Former St. Tammany Parish Coroner Peter Galvan has served about six months of his combined 3-year state and federal prison sentences, but the echoes of his turbulent last year in office continue to reverberate in St. Tammany Parish.
One of those echoes — an enhanced audit to be required of every parish agency on randomly selected items each year — is inching closer to reality, according to Rick Danielson, a Mandeville City Council member.
By next June, the state Legislative Auditor’s Office will put a more rigorous audit process in place for public agencies in St. Tammany Parish — the end result of a lengthy exploration of whether to create an Inspector General’s Office on the north shore.
The 24-member panel charged with studying that question included representatives from every governmental body that would have fallen under an IG’s scrutiny. After seven months, the panel ended up recommending against an IG’s Office.
It settled on a more modest step of requiring agencies and government entities to submit to a stricter audit on particular items. That recommendation was forwarded to the Legislature, which this year passed a bill requiring the audits.
Danielson, who chaired the panel that studied whether an inspector general for the parish was feasible, said he and other members of the task force met with Louisiana Legislative Auditor Daryl Purpera and some of his deputies to discuss the plans for the enhanced audits.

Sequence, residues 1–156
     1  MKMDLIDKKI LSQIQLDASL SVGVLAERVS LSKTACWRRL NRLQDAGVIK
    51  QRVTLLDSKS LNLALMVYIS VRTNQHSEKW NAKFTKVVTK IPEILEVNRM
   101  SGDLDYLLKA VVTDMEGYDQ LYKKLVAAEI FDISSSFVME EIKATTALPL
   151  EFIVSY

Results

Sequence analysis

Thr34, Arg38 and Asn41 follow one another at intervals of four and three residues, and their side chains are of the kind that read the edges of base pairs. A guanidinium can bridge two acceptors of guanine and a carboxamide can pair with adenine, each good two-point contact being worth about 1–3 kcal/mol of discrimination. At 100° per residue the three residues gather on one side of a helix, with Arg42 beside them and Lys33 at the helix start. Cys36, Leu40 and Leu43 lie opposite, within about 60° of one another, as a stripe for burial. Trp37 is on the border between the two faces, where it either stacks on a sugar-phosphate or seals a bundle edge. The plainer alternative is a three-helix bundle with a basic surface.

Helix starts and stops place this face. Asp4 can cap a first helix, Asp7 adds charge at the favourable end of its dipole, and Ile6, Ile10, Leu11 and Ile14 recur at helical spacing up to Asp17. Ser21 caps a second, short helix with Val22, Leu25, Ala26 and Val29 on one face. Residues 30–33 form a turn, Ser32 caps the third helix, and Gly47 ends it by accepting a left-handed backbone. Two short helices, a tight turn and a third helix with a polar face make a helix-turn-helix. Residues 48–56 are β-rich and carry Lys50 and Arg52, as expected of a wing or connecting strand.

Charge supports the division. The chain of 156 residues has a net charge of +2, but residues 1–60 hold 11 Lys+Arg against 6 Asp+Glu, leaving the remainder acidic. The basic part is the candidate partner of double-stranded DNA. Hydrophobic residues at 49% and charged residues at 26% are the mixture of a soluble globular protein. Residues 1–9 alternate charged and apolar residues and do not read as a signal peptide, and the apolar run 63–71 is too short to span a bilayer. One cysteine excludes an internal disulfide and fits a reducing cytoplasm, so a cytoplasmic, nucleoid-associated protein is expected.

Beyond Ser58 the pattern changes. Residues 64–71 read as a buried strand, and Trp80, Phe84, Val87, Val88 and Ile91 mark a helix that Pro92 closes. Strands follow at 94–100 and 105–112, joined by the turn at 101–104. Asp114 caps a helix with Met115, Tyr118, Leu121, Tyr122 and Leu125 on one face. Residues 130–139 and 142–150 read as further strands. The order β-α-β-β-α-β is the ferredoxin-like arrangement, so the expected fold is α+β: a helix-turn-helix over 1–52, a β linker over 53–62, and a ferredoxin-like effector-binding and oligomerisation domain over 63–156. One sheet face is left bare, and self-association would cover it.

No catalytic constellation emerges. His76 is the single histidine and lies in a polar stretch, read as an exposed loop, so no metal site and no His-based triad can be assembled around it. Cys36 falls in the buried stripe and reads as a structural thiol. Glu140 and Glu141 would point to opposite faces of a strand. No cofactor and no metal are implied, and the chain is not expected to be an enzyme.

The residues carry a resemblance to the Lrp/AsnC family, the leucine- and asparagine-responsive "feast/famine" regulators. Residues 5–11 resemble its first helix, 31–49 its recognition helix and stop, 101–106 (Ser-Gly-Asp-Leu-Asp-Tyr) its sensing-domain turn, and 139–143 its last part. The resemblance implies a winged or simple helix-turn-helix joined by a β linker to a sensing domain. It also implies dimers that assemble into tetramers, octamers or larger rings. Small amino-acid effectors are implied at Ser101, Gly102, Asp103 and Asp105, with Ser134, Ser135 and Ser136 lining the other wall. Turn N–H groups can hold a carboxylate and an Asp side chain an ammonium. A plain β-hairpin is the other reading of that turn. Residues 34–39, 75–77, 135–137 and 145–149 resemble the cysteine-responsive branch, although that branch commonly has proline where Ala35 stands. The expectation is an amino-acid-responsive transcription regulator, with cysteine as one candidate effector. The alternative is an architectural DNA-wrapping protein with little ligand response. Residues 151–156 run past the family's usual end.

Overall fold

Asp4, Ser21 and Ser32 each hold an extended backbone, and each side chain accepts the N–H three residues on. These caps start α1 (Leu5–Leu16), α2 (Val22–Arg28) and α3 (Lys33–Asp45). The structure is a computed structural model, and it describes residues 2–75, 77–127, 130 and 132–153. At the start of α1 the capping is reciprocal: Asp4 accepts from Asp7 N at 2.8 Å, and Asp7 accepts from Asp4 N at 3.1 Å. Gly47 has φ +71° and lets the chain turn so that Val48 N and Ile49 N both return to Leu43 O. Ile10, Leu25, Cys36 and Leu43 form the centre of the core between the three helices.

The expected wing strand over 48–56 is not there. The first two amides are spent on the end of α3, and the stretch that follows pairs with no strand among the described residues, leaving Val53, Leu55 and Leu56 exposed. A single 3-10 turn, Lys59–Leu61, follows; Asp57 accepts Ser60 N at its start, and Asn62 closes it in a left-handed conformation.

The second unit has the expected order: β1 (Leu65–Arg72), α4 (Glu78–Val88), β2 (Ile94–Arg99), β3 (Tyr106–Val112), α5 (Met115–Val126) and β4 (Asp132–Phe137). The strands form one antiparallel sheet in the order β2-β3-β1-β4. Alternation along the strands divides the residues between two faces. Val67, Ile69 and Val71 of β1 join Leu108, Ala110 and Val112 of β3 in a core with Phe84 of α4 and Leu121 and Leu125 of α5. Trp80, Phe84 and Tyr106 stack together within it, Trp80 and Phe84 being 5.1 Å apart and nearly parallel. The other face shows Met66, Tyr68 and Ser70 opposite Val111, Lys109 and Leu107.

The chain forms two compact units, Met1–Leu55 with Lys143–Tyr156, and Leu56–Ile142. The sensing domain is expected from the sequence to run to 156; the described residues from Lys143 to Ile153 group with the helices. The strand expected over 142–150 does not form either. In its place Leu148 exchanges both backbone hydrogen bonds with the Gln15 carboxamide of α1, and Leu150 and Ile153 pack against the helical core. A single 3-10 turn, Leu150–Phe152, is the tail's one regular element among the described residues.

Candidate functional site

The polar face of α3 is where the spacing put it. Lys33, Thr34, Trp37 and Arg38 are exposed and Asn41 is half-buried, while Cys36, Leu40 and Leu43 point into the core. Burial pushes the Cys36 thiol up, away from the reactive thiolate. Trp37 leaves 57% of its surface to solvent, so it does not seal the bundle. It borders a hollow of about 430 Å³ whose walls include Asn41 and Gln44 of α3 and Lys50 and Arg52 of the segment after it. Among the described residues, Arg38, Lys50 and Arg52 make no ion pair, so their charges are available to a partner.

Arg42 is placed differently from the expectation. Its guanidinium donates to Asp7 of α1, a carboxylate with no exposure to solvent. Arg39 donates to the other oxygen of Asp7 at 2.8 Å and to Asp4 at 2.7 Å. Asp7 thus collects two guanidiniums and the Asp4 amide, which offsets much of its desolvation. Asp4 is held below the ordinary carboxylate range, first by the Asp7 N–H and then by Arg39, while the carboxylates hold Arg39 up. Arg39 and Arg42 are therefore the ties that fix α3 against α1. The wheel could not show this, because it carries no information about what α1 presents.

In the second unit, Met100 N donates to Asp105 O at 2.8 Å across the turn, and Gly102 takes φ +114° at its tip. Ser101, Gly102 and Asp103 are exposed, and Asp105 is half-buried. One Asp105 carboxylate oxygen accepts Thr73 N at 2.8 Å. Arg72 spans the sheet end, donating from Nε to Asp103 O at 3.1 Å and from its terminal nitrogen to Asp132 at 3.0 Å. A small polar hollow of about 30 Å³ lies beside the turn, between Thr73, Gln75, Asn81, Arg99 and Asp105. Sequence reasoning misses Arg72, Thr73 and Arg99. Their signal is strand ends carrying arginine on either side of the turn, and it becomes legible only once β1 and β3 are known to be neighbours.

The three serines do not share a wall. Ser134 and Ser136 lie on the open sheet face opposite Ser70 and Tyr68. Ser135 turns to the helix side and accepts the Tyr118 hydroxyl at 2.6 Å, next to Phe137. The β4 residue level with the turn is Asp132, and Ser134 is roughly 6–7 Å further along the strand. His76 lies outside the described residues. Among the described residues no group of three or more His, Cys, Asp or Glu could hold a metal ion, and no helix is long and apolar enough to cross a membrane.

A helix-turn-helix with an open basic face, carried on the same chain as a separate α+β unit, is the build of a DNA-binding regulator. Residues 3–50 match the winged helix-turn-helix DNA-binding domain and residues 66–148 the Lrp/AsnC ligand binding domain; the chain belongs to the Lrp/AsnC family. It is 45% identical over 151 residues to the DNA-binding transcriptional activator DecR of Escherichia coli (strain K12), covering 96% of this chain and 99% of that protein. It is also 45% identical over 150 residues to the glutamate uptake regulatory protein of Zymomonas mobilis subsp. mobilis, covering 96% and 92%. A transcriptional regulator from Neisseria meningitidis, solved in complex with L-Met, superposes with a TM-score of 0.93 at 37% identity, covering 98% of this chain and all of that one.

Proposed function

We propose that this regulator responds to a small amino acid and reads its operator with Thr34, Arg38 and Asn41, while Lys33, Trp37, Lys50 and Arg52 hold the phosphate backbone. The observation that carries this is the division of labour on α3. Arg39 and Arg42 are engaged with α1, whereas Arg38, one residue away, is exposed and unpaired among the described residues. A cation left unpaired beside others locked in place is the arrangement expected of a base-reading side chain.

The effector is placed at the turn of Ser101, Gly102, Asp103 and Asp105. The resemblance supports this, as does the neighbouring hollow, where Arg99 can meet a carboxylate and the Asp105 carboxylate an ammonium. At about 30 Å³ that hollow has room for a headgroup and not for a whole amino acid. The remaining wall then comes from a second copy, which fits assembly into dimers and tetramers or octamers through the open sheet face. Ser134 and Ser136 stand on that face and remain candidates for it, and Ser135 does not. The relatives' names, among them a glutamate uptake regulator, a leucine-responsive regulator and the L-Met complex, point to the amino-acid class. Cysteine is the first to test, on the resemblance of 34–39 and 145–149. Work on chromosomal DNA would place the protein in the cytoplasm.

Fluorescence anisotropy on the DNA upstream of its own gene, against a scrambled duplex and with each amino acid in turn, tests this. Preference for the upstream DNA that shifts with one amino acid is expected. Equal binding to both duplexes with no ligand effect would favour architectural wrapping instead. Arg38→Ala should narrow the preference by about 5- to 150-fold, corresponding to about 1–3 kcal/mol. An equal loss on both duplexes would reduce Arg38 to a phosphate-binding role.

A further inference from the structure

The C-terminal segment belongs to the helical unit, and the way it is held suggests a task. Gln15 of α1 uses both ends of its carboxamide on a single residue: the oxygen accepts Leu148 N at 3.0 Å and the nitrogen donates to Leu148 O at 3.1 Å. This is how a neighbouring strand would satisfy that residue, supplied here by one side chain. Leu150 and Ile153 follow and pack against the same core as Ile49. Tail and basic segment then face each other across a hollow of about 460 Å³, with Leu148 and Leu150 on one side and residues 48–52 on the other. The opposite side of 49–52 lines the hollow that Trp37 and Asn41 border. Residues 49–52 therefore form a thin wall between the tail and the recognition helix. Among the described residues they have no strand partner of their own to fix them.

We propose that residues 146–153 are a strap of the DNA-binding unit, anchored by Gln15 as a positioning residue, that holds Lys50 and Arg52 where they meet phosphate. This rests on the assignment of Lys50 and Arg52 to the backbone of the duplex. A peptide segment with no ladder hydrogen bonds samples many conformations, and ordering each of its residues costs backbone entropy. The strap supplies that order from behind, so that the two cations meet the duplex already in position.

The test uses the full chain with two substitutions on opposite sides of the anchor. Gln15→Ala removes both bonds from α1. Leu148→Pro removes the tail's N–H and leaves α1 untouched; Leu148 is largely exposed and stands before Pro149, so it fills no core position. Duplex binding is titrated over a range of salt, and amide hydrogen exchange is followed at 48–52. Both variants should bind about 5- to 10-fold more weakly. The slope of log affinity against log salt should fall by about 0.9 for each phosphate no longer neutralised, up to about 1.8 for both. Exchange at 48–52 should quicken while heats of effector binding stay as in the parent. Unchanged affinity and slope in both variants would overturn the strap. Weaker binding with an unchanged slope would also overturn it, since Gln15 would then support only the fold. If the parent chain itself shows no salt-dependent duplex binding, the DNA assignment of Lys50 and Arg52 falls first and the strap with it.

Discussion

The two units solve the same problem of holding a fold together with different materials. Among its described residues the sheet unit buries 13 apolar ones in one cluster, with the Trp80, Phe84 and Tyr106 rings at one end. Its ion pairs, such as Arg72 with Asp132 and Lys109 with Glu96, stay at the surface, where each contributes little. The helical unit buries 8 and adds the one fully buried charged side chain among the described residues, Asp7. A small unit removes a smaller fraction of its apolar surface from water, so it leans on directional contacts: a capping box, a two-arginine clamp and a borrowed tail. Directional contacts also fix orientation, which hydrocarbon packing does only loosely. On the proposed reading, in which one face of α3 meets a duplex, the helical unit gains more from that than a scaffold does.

Danielson said Purpera told him the plan should be released in January and in effect by June 30.
The legislative auditor is working to develop efficient policies on the audits to minimize the cost to the affected agencies in time and money, Danielson said. Training sessions for the new audits will begin in January with representatives from the various agencies.
The new audits will look at things not normally covered in the regular annual audits submitted to the Legislative Auditor’s Office, such as use of credit cards, vehicles, computers and other items, Danielson said. The audits also could take a look at the internal controls various agencies have over their finances, he said.
However, these will not be full forensic audits, which are ordered when a problem has been identified, Danielson said. Rather, he said, the enhanced audits are a proactive step that was easier to enact than establishing an Inspector General’s Office, which would have required an amendment to either the state constitution or the parish’s home rule charter.
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